One of Securalert's first projects
CSSS OF LAVAL / HEALTH CITY
Ms. Diane Beauchamp is Head Nurse, for the Psychiatric Nursing Care of Mental Health Management since 1992. She is an active member in the needs analysis, the setting up and the daily administration of the security system for the ward. Mr. Réjean Malenfant, Electronics Technician since 1996, and an employee of twenty-seven years, is in charge of the security system’s maintenance. Ms. Beauchamp and Mr. Malenfant were met on August 30th 2006 in order to document the project from its conception in 1993, to its realization in 1994 and finally to its evolution since 1994. The psychiatric ward initially totaled twenty-eight beds, all of which were located in the same large area.
INITIAL NEED: A NEW CONCEPT
Ms. Beauchamp is one of the leaders working on this new concept. Initially, there were twenty-eight beds located in the same large area and with this new concept, the ward would now number thirty-eight beds, still in one large area, but spread out on three different wings. The goal of the project is to offer personnel training more in favor of the well-being of the patients by offering them more privacy, more space and a pleasant, peaceful environment. The security system in the twenty-eight bed area, consisted of permanent alarm buttons affixed to the guard posts, and that emitted a sound during a distress call. This system was satisfactory within the context of only one area and with lots of personnel at close proximity. However when transferring from one large area to one that is spread out on three wings, the system could no longer answer personnel needs. Teams are reduced in each wing and from one large area of twenty-eight beds, we now find ourselves with a large three wing site totaling thirty-eight beds. Security must be revised.
CHALLENGE: RETHINK SECURITY IN ACCORDANCE WITH OUR NEW CONCEPT
Ms. Beauchamp’s vision is clear. One must rapidly identify, precisely and without error, where the emergency call is coming from and answer it efficiently in less than thirty seconds. Assigned personnel would carry pocket pagers. A simple pressure of a panic button would set off the emergency call and the message would be sent, instantly and automatically, to intervening personnel equipped with a numeric pocket pager that would display the local in distress on its screen. This type of system is indispensable. The psychiatric ward is far from other hospital services and there is no security guard near by. Ms. Beauchamp wishes for an even more secure environment and is also anticipating adding cameras in a few strategic areas.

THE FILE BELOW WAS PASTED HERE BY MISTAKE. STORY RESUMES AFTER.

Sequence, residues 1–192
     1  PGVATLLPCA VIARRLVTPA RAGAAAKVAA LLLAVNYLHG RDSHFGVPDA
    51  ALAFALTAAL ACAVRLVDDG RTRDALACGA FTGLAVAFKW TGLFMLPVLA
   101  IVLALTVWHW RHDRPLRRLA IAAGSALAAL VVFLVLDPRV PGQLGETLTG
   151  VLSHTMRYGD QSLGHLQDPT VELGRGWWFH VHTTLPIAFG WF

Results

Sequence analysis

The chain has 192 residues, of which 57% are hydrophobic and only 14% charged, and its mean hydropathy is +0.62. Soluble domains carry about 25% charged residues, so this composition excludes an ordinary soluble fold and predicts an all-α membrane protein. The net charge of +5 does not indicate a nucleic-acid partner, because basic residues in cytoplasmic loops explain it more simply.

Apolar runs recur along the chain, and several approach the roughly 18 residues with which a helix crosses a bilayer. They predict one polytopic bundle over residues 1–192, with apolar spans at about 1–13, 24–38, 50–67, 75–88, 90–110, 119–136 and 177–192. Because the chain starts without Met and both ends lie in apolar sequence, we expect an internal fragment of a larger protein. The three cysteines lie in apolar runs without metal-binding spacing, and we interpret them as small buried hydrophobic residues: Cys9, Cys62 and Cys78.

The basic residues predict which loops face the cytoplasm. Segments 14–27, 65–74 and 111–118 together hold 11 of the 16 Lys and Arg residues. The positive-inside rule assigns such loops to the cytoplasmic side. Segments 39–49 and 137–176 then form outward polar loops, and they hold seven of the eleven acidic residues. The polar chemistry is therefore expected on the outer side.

SOLUTION: THE SECURALERT SYSTEM AND ITS INTERCONNECTION TO THE MULTITONE POCKET PAGING SYSTEM THAT IS ALREADY INSTALLED IN THE HOSPITAL
In order to locate precisely and without error, all persons in distress, fifty-eight receptors-detectors were installed in strategic areas such as rooms, interview offices, gyms, etc…then each area was given four panic buttons so that all personnel could be protected. Naturally, an adequate training was given not only related to the system itself but also on the necessary intervening methods during an aggression. To conclude, the SECURALERT system was interconnected to the Multitone pocket paging system already present in the hospital. The Multitone coder was programmed to give absolute priority to all calls coming from the SECURALERT system in the psychiatric ward. With this solution, NORDICOM fulfills all the expectations required by Ms. Beauchamp and her team.
RESULTS AND BENEFITS: 100 % SATISFACTION
1) The miniature transmitters (panic buttons) work well. In all, between fifty and seventy-five alarms are activated each year and few of these alarms are false. The panic buttons are installed since 1994. In 1996, it is Mr. Malenfant who looks after the maintenance of the system and he claims that maintenance costs are low.
2) Emergency calls are instantaneous and automatically transmitted to intervening personnel equipped with numeric pocket pagers where the local’s number is displayed on the screen, clearly and precisely, each time.
3) According to Mr. Malenfant, he has managed to keep maintenance costs at a low with this system, however he deems it pertinent to replace the miniature transmitters (panic buttons) after twelve years of use. A new generation of miniature transmitters has been available since 2002, one that is even more efficient and more compact than the original one.